Guest Post by Michael Volkov
In-House counsel and corporate compliance officers dodge bullets everyday as they stare down the barrels of aggressive prosecutors, regulators, civil litigants, whistleblowers, disgruntled employees and shareholders prodded by trial attorneys to file derivative suits at the drop of a hat. In the face of all of these risks, internal investigations have become commonplace and a standard defensive tactic for a company to regain some leverage, learn the scope of a potential problem and then develop a plan for resolving a particular issue.
All too often, companies follow the rote formula developed in the Sarbanes-Oxley era of the early 2000s. Those same formulas are being applied in the Foreign Corrupt Practices Act, and in more discrete global anti-corruption, money laundering, export compliance and antitrust enforcement matters. Continue reading
Recently I wrote about an internal investigation I did for a company which received a whistleblower complaint, sent to executives, the board of directors, and the Securities and Exchange Commission. Upon receiving notification that allegations of fraud were being made by a former employee, management immediately started evaluating the claims. The board of directors began planning for an independent investigation.
This was the right thing to do, particularly as the SEC’s whistleblower program gives a 120 day window of time for companies to react to internal allegations of securities fraud. If someone reports allegations to a company, 120 days pass, and then the informant goes to the SEC, the SEC will consider the person making the report to be a whistleblower eligible for a bounty. Continue reading
Earlier this week, Las Vegas Sands (NYSE:LVS) announced in its 10-K for the year ended December 31, 2010 that it is the subject of an FCPA investigation:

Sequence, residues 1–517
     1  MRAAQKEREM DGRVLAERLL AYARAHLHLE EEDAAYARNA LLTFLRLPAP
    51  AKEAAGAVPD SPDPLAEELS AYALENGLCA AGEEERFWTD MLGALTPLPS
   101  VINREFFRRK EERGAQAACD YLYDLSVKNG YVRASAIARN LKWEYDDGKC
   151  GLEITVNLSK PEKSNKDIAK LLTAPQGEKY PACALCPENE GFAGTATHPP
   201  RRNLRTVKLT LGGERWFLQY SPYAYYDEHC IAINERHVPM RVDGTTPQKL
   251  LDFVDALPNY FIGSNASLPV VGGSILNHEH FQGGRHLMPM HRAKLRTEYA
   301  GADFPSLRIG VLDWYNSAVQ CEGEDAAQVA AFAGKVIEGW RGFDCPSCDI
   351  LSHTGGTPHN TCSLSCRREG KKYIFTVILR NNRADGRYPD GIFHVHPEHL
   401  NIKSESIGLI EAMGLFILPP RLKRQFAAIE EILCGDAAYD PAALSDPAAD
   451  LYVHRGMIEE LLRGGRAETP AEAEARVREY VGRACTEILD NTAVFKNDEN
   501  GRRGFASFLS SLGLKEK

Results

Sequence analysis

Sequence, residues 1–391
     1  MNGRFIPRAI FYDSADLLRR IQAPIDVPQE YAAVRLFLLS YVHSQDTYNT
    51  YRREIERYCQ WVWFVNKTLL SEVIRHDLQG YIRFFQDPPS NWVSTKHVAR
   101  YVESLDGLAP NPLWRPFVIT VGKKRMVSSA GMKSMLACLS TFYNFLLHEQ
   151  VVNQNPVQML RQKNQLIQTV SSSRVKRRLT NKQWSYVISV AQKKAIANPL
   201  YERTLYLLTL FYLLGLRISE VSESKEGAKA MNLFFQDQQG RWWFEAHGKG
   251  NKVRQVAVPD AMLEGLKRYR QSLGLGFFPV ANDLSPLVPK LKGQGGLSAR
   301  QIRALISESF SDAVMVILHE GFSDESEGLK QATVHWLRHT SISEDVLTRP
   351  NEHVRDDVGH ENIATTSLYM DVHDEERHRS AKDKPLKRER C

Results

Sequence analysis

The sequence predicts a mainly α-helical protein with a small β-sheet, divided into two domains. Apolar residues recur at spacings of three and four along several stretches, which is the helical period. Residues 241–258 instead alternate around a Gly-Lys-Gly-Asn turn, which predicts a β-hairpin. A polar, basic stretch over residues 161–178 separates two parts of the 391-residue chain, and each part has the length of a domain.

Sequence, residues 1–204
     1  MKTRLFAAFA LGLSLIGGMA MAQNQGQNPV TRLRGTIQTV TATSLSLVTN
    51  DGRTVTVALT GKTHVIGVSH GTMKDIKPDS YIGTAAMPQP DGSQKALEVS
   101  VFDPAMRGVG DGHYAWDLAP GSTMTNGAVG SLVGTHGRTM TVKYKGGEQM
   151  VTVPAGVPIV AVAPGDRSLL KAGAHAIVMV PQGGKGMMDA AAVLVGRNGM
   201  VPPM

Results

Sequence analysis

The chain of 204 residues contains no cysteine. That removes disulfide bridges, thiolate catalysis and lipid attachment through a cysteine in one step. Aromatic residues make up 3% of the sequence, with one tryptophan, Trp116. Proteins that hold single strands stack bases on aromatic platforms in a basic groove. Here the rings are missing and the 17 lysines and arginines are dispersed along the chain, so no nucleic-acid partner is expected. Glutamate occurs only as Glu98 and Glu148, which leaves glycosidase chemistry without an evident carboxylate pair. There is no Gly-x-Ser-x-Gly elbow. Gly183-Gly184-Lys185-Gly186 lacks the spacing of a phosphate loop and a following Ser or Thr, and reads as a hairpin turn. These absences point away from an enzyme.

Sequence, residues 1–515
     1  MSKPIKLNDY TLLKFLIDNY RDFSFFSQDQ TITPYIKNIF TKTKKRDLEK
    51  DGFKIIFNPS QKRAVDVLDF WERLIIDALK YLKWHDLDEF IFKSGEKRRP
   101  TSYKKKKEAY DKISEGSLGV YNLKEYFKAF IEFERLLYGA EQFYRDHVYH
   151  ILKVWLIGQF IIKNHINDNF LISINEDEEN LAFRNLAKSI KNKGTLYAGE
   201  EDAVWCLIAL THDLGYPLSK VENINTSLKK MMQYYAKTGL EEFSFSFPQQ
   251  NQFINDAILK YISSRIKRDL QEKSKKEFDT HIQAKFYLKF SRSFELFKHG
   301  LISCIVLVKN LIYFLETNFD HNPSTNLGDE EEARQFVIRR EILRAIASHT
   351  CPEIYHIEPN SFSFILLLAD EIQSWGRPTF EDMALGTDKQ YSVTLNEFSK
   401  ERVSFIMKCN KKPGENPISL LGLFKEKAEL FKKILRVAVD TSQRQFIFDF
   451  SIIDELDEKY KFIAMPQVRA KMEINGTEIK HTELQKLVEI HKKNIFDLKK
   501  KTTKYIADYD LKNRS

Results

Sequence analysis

On February 9, 2011, LVSC received a subpoena from the Securities and Exchange Commission requesting that the Company produce documents relating to its compliance with the Foreign Corrupt Practices Act (the “FCPA”). The Company has also been advised by the Department of Justice that it is conducting a similar investigation. It is the Company’s belief that the subpoena may have emanated from allegations contained in the lawsuit filed by Steven C. Jacobs described above. The Company intends to cooperate with the investigations.
Las Vegas Sands says that it is also the target of a similar investigation by the U.S. Department of Justice. Continue reading
When whistleblowers report potential ethics violations within companies, the first step the company must take is an internal investigation. The best internal investigations are independent and led by outside counsel, for a variety of reasons.
But what about the part of the investigation that involves analyzing accounting records, financial statements, and SEC filings? Management often wants to use internal finance professionals or their outside auditors for this task. It seems to make sense to utilize the expertise of people who are already familiar with the company’s finances. Continue reading